Category: Poster

8 - Academic Coachability: The Role of Receptivity in Developing Academic Talent

Saturday, Nov 11
12:00 PM – 1:00 PM

Considered fundamental to talent development in athletics and fine arts, the construct of coachability has received little attention in the academic domain. Yet a student’s attitude toward criticism and ability to incorporate feedback are crucial for eminent academic achievement. This session draws on research from the performance domains to formulate an understanding of academic coachability and its relevance to gifted identification and programming. Framing our discussion within a talent development paradigm, we identify personal and environmental factors that contribute to academic coachability and present strategies for encouraging coachable behavior at various points along the academic talent developmental trajectory.

Sam Earls

Doctoral Student
University of North Texas
Denton, Texas

Samuel Earls is a doctoral student in Educational Psychology at the University of North Texas and an Academic Counselor at the Texas Academy of Mathematics and Science. He previously served as a Residential Counselor at the Gatton Academy of Mathematics and Science in Kentucky, where he fell in love with early entrance programs and committed to pursuing a career in gifted and talented education.

Luke Hurst

Doctoral Student
University of North Texas
Denton, Texas

I began my educational career teaching high school, Pre-AP English. After enjoying eight years in the ELA classroom, I moved into the counseling office for the last two years as I worked toward my PhD from the University of North Texas in the field of Gifted Education. My current focuses include talent development in the ELA classroom, the qualities that separate a good teacher from an inspirational teacher, and the advancement of minority populations in gifted programming.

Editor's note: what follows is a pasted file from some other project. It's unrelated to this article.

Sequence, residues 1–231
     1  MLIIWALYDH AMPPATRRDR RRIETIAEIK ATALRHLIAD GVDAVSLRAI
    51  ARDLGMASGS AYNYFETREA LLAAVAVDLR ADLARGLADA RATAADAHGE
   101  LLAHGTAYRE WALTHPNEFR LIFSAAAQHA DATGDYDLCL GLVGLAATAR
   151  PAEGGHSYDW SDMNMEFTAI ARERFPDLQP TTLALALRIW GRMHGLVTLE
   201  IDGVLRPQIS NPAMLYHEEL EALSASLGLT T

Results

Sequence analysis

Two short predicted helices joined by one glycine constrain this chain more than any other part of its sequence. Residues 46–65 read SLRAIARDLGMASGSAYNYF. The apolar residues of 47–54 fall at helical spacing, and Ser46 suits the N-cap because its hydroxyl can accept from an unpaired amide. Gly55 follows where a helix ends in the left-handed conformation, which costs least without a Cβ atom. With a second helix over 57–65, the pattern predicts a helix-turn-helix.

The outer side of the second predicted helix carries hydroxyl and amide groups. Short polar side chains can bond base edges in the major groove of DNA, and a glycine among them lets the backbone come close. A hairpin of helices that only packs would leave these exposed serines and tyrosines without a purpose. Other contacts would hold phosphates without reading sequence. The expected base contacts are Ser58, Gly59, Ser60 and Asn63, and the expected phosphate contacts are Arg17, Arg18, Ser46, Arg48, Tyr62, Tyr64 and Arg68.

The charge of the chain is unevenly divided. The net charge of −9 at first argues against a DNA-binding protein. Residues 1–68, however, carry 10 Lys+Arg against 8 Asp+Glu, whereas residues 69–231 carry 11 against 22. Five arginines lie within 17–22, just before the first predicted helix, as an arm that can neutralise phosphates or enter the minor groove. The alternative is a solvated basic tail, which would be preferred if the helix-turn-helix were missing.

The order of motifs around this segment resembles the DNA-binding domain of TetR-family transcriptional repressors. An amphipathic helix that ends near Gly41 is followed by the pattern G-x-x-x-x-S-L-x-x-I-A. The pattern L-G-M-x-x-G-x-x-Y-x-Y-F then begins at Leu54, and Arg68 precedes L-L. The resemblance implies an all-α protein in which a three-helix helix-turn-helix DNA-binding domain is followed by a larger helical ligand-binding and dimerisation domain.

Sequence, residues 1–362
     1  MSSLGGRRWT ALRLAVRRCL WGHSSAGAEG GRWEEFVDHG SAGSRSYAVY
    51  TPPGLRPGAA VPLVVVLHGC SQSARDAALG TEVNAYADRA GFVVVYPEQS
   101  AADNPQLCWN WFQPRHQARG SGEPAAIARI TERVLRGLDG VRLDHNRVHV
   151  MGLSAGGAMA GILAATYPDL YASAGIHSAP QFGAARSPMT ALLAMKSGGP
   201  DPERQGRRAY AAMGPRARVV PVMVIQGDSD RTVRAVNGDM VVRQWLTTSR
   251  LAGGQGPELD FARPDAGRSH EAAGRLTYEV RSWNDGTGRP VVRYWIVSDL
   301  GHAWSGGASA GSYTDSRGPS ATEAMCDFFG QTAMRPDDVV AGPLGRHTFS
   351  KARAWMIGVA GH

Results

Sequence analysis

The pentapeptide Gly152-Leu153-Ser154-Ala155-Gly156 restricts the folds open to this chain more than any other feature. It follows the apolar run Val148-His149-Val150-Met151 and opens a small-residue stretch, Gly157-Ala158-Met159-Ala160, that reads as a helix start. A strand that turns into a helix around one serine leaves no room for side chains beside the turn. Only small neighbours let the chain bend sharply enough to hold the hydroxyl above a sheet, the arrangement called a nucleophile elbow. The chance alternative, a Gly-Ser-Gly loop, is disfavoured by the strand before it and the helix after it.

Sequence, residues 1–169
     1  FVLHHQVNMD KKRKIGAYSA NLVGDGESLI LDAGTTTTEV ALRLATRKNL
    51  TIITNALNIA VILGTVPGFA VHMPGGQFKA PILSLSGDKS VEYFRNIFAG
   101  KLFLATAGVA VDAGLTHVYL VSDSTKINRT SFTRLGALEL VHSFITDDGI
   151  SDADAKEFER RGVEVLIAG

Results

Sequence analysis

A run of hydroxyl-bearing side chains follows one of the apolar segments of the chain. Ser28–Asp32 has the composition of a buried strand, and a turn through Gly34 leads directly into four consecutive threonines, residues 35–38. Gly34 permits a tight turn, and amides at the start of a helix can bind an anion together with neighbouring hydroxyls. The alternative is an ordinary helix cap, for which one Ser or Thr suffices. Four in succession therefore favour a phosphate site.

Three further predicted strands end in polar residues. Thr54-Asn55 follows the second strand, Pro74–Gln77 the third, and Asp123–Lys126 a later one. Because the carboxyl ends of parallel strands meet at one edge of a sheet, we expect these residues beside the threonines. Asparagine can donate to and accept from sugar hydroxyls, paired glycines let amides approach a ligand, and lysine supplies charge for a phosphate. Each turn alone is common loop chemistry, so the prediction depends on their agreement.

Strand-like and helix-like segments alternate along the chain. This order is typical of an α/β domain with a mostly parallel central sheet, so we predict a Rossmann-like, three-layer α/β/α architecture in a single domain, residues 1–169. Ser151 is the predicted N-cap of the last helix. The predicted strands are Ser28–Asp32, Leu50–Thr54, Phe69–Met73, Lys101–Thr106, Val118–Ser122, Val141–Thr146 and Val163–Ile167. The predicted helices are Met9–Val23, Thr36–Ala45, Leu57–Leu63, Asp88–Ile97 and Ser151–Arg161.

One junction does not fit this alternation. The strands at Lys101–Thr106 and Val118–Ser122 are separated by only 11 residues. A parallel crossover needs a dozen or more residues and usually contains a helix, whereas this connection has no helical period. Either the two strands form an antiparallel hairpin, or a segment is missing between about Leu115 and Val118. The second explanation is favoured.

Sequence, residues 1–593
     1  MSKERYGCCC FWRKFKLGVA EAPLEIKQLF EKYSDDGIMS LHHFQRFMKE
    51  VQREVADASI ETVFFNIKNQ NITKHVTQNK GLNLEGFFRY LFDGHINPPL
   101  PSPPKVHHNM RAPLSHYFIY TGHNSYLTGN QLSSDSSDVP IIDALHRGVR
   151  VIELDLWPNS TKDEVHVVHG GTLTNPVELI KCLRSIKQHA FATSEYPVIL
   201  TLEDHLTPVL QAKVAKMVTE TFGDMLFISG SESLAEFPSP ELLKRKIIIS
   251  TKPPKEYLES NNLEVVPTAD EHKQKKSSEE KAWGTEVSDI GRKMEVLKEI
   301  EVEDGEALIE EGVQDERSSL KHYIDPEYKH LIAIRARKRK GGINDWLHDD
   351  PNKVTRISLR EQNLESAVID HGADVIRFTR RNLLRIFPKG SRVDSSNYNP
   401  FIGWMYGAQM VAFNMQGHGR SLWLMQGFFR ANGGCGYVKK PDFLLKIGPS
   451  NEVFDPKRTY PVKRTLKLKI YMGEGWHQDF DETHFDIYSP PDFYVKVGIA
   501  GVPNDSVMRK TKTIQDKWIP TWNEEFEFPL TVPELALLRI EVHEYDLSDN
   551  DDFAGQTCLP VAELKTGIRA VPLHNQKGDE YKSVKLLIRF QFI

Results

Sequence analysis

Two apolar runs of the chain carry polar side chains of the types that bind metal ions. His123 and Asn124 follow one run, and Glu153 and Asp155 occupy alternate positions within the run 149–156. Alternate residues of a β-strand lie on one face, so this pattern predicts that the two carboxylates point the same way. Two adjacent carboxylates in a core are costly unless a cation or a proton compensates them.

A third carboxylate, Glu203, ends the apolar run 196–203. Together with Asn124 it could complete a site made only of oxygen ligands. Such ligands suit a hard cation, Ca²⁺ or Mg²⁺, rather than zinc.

Kristen N. Lamb

Doctoral Candidate
University of North Texas
Denton, Texas

Kristen Lamb is a doctoral candidate and teaching fellow in the Department of Educational Psychology at the University of North Texas with a concentration in Gifted and Talented Education. She teaches courses in research methods, gifted education, and lifespan development. She currently serves as the Graduate Student Representative for the AERA Research on Giftedness, Creativity, and Talent Development SIG. Previously, she was a science teacher in Fort Worth, Texas. Her research investigates the nature of creativity in domain specific contexts and the role of creativity in talent development.

Anne N. Rinn

Associate Professor
University of North Texas
Denton, Texas

Dr. Anne N. Rinn is an Associate Professor of Educational Psychology and Director of the Office for Giftedness, Talent Development, and Creativity at the University of North Texas. She received her undergraduate degree in Psychology from the University of Houston and her doctorate in Educational Psychology from Indiana University. Her expertise is in the area of the social and emotional development of gifted individuals.

Kendal N. Smith

Doctoral Student
University of North Texas
Denton, Texas

Kendal N. Smith is a doctoral student and teaching fellow in the Department of Educational Psychology at the University of North Texas. She holds a law degree from George Mason University and previously worked in homeland security education. Her research focuses on intellectual and moral virtue development in high-ability individuals.